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24.01.2018 | Original Article | Ausgabe 8/2018 Open Access

Heart and Vessels 8/2018

Long-term physical activity leads to a significant increase in serum sRAGE levels: a sign of decreased AGE-mediated inflammation due to physical activity?

Zeitschrift:
Heart and Vessels > Ausgabe 8/2018
Autoren:
Michael Sponder, Ioana-Alexandra Campean, Michael Emich, Monika Fritzer-Szekeres, Brigitte Litschauer, Senta Graf, Daniel Dalos, Jeanette Strametz-Juranek

Abstract

There is growing evidence that low levels of the circulating soluble receptor of advanced glycation end products (sRAGE) are a valuable predictor of cardiovascular disease (CVD). The aim of this prospective study was to investigate the influence of long-term physical activity on serum sRAGE levels. 109 subjects were recruited, and 98 completed the study. Participants were asked to perform exercise within the calculated training pulse for 8 months. The performance gain was measured/quantified by bicycle stress tests at the beginning and end of the observation period. sRAGE was measured at baseline and after 2/6/8 months by ELISA. Backwards, multiple linear regression analysis was performed to investigate the association of co-variables age, sex, BMI, and performance at baseline, HbA1c, and lipoprotein a with baseline sRAGE levels. We identified BMI and lipoprotein a as significant predictors for baseline sRAGE levels. Compared to subjects with a performance gain ≤ 4.9% subjects with a gain > 5% showed a significant increase in sRAGE levels up to 22%. sRAGE serum levels correlate negatively with lipoprotein a levels and BMI and long-term physical activity leads to a significant increase in serum sRAGE levels (9–22%), whereby the sRAGE increase is most pronounced in subjects with initially low-performance levels, suggesting that in particular, these subject profit the most from increased physical activity. The sport-mediated increase of sRAGE might be a sign of decreased AGE-mediated inflammation and highlight the protective effect of sports on CVD and other disease which are at least partly mediated by an increased inflammation status.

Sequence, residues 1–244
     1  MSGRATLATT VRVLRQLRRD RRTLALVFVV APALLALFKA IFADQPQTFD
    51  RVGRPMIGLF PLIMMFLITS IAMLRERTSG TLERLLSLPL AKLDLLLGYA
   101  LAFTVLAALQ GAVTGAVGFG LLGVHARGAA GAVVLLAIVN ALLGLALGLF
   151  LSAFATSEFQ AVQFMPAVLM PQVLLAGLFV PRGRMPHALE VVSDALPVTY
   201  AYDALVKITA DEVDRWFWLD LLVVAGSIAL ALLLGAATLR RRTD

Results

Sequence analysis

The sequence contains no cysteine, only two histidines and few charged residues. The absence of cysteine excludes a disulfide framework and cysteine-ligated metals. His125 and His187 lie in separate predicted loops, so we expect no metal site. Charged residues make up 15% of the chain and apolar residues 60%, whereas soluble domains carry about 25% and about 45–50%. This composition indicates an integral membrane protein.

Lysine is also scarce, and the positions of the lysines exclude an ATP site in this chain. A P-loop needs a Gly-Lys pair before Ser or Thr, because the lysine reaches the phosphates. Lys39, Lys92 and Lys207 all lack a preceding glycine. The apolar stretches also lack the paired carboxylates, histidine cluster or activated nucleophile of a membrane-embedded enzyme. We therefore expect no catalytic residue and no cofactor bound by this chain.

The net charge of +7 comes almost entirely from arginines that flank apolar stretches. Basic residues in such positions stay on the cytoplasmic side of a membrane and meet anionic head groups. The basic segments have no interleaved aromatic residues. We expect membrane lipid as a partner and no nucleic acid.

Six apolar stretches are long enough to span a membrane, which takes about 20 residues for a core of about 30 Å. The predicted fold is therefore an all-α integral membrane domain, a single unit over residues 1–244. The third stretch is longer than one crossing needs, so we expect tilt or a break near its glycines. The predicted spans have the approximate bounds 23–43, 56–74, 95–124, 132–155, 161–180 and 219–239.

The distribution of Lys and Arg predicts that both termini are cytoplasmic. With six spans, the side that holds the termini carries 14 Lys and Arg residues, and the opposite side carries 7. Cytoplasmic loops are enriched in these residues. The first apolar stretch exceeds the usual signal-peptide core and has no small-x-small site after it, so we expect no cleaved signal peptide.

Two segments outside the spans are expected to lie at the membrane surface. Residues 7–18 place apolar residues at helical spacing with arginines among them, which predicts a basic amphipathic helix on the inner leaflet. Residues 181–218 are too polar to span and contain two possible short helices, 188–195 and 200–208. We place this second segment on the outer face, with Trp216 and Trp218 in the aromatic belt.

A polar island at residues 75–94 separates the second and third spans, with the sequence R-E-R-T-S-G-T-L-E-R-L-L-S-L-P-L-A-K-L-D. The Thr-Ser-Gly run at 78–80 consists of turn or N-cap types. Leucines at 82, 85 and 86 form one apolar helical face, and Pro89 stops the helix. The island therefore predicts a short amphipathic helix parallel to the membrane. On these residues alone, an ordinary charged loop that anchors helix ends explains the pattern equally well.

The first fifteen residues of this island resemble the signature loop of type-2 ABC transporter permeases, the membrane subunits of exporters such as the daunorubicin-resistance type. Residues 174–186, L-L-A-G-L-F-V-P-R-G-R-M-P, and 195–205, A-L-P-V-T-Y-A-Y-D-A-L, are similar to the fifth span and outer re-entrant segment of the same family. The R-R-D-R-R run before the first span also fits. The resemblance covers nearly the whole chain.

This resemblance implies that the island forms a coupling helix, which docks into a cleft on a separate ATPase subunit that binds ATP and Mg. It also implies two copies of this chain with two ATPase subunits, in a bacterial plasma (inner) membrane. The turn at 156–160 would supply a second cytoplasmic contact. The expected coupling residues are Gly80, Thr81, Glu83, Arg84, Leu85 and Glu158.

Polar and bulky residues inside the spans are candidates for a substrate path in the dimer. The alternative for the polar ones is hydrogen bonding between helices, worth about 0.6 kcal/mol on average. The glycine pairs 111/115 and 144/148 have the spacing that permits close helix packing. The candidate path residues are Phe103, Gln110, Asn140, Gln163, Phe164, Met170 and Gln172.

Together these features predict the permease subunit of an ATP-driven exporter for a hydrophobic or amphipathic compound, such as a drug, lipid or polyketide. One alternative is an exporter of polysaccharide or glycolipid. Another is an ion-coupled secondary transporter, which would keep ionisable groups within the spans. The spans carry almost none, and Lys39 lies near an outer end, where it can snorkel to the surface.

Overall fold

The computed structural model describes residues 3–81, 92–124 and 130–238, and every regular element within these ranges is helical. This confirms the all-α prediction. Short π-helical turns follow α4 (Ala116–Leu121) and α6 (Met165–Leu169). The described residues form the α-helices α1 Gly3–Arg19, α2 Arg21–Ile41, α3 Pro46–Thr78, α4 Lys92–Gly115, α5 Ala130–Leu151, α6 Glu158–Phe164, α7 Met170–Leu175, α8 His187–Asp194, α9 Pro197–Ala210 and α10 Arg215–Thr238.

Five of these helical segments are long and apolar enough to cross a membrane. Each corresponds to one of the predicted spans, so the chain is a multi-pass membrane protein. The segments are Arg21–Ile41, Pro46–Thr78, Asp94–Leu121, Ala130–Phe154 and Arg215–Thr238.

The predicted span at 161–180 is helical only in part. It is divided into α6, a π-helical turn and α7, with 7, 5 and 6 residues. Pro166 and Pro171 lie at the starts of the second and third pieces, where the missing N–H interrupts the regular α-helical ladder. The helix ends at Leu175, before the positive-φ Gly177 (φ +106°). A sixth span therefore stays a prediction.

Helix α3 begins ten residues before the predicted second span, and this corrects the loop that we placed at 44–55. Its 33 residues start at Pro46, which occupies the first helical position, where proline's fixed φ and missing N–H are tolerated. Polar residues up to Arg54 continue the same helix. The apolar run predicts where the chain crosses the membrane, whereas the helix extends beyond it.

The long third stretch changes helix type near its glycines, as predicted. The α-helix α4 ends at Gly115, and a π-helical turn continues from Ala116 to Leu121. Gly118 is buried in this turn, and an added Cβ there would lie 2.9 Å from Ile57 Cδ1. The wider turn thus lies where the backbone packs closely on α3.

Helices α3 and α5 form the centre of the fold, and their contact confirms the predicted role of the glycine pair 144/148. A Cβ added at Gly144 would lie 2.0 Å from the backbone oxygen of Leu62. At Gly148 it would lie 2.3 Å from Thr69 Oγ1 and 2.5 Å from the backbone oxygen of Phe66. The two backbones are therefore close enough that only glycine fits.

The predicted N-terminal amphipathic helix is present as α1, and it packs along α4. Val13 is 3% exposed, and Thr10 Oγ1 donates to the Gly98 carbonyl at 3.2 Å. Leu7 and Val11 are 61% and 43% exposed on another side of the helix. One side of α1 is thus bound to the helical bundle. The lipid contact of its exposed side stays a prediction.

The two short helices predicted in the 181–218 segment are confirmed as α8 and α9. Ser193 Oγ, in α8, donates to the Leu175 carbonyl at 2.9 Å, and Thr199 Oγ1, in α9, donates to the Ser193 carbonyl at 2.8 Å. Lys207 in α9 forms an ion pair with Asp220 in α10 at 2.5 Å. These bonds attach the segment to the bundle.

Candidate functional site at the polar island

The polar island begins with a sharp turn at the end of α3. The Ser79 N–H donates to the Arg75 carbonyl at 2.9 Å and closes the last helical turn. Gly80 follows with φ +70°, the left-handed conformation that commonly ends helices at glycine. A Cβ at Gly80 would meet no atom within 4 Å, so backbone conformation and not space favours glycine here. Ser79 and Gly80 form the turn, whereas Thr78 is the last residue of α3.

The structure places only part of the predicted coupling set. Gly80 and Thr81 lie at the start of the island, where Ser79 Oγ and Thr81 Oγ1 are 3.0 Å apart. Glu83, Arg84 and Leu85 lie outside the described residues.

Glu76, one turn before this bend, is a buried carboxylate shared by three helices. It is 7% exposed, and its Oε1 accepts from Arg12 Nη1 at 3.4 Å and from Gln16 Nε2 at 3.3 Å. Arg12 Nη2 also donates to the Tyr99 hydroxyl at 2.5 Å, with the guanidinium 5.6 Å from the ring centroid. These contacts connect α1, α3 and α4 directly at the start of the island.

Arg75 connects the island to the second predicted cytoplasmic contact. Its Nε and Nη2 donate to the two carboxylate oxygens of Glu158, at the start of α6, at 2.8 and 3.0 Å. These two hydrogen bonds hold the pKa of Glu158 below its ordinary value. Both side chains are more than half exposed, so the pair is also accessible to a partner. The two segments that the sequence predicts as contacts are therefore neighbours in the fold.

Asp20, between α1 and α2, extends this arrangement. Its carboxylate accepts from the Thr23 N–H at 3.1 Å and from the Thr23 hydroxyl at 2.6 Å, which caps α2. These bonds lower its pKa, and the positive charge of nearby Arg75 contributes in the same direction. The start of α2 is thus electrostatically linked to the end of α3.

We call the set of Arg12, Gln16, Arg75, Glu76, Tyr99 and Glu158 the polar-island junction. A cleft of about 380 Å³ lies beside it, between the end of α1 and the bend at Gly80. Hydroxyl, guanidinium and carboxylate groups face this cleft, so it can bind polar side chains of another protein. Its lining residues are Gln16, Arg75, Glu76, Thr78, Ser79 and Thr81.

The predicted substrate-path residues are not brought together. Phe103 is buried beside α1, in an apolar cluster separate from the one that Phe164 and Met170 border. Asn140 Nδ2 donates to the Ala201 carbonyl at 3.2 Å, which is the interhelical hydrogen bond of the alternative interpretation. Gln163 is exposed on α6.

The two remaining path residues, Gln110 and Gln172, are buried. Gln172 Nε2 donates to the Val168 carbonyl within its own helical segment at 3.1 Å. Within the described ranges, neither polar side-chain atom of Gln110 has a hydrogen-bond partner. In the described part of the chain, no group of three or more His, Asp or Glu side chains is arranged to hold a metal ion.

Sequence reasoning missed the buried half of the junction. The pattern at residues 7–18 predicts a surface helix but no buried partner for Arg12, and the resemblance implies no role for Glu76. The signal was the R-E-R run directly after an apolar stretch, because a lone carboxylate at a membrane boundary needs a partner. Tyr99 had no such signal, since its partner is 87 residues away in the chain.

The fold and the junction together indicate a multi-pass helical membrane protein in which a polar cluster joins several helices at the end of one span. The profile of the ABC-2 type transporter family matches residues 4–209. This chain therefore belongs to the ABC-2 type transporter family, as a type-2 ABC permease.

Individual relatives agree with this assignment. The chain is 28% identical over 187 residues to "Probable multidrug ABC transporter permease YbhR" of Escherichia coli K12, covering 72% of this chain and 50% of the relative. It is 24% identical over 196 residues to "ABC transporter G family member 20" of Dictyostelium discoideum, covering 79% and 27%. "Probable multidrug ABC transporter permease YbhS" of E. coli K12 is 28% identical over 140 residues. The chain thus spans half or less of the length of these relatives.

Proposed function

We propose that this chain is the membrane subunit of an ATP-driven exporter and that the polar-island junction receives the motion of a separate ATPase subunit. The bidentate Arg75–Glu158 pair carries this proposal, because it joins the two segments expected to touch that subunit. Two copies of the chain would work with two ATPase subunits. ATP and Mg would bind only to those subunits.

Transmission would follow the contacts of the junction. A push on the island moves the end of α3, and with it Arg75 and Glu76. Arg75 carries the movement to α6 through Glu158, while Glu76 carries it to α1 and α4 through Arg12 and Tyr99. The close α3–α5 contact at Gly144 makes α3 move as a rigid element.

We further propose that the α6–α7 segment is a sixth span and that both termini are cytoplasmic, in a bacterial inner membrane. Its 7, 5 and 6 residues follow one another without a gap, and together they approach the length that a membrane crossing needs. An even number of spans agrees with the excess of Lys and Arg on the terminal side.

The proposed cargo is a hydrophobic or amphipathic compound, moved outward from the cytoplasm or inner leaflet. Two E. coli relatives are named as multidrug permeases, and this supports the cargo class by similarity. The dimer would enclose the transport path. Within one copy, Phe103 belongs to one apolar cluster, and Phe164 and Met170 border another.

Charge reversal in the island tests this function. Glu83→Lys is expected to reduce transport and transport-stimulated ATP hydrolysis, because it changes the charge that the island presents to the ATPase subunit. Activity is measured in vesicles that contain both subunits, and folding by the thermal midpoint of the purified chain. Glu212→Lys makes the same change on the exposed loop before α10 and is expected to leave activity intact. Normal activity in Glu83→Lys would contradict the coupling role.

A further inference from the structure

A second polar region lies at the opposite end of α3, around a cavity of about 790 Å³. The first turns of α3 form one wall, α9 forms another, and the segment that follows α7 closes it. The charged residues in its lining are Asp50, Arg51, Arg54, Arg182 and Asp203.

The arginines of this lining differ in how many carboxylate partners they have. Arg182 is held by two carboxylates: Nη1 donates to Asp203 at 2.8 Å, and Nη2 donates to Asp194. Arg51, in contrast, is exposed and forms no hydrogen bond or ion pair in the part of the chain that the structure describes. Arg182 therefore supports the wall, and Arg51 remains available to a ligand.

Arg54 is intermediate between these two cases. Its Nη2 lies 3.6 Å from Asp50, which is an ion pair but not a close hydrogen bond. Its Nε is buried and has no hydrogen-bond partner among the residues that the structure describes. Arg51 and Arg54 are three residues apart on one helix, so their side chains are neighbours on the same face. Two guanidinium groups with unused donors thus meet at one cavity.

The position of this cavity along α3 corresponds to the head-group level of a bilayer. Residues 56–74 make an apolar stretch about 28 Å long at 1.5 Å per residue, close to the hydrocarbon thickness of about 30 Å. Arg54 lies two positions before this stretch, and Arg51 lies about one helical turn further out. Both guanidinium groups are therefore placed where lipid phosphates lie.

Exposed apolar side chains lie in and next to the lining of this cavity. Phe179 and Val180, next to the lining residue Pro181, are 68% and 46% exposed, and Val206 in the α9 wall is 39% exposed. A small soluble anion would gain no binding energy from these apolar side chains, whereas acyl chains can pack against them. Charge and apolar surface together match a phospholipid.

Clinical trials registration NCT02097199.

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